It was the first time I’ve lost someone close to me. It was the first time I saw a strong man become fragile and collapse in front of my eyes. It was the first time ever I contemplated the consequences of a loved one’s departure.
All I felt was misery. The painful thought that I would never see my grandfather ever again, the traumatic realization that the toothless grin and innocent, baggy eyes would never be there to welcome me, the depressing knowledge that his tall, stooping form is gone forever, has made me become cognizant of the ephemeral nature of life.
Last week, I couldn’t update my blog. My eighty-year-old grandfather, who actively played cards and gambled like Archie Karas, breathed his last right after winning a fair amount of loot. So essentially, he was happy until his last moment arrived and when it finally did, he took off like a flash.
We couldn’t perceive what was happening. Family and friends encompassed him soon after the symptoms began to show and when he glanced at each of us with those glassy eyes, no one guessed he was just registering our faces for one last time.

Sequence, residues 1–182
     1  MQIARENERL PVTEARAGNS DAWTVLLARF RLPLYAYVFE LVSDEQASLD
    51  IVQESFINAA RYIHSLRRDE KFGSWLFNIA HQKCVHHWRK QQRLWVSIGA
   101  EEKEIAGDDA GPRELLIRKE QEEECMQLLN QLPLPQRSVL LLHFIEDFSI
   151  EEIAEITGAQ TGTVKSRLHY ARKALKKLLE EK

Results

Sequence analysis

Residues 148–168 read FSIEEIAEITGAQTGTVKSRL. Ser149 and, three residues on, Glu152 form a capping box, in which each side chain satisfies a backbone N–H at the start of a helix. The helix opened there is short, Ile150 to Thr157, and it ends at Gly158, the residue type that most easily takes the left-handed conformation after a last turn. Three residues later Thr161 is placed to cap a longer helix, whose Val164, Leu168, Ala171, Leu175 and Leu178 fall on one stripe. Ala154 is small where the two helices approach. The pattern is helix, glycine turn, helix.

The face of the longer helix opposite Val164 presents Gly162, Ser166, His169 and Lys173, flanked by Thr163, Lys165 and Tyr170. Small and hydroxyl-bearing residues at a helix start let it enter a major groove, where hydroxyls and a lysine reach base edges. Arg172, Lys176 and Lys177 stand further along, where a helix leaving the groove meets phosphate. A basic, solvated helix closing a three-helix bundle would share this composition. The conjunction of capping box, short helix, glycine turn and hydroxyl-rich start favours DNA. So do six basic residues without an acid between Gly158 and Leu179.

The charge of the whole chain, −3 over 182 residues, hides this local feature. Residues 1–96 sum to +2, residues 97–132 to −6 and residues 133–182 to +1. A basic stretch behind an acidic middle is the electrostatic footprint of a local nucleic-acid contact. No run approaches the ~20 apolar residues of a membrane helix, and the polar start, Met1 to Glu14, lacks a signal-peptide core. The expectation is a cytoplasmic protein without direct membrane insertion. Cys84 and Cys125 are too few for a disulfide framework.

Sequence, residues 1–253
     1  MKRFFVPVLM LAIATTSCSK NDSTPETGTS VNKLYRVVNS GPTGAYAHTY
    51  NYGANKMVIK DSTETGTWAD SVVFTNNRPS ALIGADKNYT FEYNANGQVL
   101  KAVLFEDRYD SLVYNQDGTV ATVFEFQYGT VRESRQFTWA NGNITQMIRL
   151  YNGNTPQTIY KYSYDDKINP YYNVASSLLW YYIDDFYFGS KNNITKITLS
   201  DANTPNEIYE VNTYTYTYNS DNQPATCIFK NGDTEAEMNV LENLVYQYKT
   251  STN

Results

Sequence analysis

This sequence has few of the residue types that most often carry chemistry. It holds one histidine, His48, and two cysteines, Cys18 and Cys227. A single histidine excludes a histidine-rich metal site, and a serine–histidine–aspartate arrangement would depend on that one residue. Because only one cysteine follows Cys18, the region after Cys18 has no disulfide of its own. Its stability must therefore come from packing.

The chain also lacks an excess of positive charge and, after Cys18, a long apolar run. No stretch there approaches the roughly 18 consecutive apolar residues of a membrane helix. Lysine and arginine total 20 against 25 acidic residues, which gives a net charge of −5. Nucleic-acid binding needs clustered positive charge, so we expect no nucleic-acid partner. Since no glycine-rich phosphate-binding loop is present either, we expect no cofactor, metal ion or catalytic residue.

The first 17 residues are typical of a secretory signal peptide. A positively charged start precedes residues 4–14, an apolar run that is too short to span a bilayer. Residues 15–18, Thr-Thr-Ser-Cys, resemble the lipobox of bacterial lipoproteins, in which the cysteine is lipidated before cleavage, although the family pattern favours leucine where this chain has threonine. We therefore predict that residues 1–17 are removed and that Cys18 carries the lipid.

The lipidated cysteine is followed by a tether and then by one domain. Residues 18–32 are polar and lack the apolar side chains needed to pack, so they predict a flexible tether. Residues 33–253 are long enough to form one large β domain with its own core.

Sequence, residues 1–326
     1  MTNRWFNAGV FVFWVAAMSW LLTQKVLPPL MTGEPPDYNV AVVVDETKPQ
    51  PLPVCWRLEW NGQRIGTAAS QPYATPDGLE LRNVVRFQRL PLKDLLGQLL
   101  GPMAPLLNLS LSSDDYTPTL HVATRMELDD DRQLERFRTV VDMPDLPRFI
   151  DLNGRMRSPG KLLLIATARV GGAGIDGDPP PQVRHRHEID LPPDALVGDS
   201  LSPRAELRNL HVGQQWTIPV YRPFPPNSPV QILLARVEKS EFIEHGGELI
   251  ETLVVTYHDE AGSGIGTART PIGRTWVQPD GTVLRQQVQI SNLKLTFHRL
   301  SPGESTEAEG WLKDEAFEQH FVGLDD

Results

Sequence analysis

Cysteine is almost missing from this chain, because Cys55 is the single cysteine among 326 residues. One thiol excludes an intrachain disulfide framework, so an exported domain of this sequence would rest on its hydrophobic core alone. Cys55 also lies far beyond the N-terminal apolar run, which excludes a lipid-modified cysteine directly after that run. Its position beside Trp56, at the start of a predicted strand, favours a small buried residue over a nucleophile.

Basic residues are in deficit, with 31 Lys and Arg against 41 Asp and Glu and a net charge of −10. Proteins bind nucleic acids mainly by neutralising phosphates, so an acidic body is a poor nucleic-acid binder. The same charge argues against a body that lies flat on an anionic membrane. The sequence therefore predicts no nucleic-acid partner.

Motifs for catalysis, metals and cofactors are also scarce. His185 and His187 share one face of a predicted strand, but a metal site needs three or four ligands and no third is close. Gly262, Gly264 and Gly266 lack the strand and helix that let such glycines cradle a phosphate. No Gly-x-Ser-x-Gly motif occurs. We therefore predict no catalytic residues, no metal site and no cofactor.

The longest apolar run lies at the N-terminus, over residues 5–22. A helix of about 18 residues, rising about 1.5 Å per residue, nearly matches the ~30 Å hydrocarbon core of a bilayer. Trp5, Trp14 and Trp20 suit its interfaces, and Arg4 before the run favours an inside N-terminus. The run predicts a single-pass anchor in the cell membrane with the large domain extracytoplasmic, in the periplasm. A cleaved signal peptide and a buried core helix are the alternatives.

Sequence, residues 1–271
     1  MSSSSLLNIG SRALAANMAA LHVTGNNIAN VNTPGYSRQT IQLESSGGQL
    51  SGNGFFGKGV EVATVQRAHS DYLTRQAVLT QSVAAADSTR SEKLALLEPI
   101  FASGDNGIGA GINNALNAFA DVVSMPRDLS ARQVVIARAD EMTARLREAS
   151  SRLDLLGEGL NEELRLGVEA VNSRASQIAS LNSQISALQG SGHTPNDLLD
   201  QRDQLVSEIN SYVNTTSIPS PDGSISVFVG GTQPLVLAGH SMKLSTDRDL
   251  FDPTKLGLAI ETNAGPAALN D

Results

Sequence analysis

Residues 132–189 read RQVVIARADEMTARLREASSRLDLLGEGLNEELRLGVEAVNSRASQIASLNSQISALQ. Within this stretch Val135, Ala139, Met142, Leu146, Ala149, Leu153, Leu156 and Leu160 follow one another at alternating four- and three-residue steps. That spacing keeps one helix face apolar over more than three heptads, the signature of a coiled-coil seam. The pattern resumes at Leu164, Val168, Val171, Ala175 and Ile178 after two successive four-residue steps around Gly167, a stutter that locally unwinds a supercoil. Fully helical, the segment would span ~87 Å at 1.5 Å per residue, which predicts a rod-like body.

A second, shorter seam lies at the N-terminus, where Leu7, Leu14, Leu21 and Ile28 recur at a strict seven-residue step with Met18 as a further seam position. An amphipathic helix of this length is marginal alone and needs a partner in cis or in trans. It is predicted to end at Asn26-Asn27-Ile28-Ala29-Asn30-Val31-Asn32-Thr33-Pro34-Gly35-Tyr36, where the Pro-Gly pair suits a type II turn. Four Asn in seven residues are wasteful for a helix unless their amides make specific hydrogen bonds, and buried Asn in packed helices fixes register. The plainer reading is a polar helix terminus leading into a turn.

And before the men carried him to the vehicle, his heart bowed out.
My grandmother crumpled to the floor in despair and the rest of us were too shocked to even shed a tear.
After a few seconds, all hell broke loose.
But all I could hear was a beep.
My mind played a video montage of all the endearing moments I hold so close to my heart—right from the day when he roved the streets of the town in search of colored chicks that I took fancy to; to the day when he was on bed, unwell, and spoke what would now become his last words to me, “You’re leaving already?”
I played the phrase repeatedly in my head as a continuous stream of tears began to flow down my cheeks. When I arrived here four months later last week, I didn’t get to talk to him due to the overflow of guests given that it was festival time in India. And within a few hours, we lost him—before I could ask how the turkeys he recently bought were faring, before I could buy him his favourite snack from the roadside stall, before I could play one last game of ludo . . .
Grandparents are a treasure. If there could be anyone who can love us more than our parents do, then it’s them. They shower us with unconditional love and ask nothing but acknowledgement in return. They just want to see us smile.
I will cherish the mythological stories my grandmother used to relate, planting herself between my sister and me.
I will forever remember their far-sighted insights and worldliness as lessons.
And I will preserve the memory of my grandfather’s last words spoken in a downcast voice, deviating from his usual baritone.
You might have left us already grandpa but you will always always be in our hearts, dreams, and memories.